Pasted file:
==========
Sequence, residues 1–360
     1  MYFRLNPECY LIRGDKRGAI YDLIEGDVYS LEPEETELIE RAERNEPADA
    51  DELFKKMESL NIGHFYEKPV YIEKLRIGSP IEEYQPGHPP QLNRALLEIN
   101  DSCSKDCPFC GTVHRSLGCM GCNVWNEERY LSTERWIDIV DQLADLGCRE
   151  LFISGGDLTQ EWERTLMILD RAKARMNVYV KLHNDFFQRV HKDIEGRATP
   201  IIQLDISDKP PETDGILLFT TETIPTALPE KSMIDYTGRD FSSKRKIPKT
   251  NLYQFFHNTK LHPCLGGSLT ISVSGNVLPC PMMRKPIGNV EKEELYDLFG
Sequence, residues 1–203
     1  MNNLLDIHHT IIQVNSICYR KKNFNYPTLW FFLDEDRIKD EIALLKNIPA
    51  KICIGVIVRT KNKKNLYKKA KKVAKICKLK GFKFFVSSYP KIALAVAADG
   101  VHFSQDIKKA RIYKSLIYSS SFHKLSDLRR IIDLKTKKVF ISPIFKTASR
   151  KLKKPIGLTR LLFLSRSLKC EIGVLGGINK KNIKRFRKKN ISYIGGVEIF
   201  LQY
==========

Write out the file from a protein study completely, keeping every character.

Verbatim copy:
Sequence, residues 1–360
     1  MYFRLNPECY LIRGDKRGAI YDLIEGDVYS LEPEETELIE RAERNEPADA
    51  DELFKKMESL NIGHFYEKPV YIEKLRIGSP IEEYQPGHPP QLNRALLEIN
   101  DSCSKDCPFC GTVHRSLGCM GCNVWNEERY LSTERWIDIV DQLADLGCRE
   151  LFISGGDLTQ EWERTLMILD RAKARMNVYV KLHNDFFQRV HKDIEGRATP
   201  IIQLDISDKP PETDGILLFT TETIPTALPE KSMIDYTGRD FSSKRKIPKT
   251  NLYQFFHNTK LHPCLGGSLT ISVSGNVLPC PMMRKPIGNV EKEELYDLFG
Sequence, residues 1–203
     1  MNNLLDIHHT IIQVNSICYR KKNFNYPTLW FFLDEDRIKD EIALLKNIPA
    51  KICIGVIVRT KNKKNLYKKA KKVAKICKLK GFKFFVSSYP KIALAVAADG
   101  VHFSQDIKKA RIYKSLIYSS SFHKLSDLRR IIDLKTKKVF ISPIFKTASR
   151  KLKKPIGLTR LLFLSRSLKC EIGVLGGINK KNIKRFRKKN ISYIGGVEIF
   201  LQY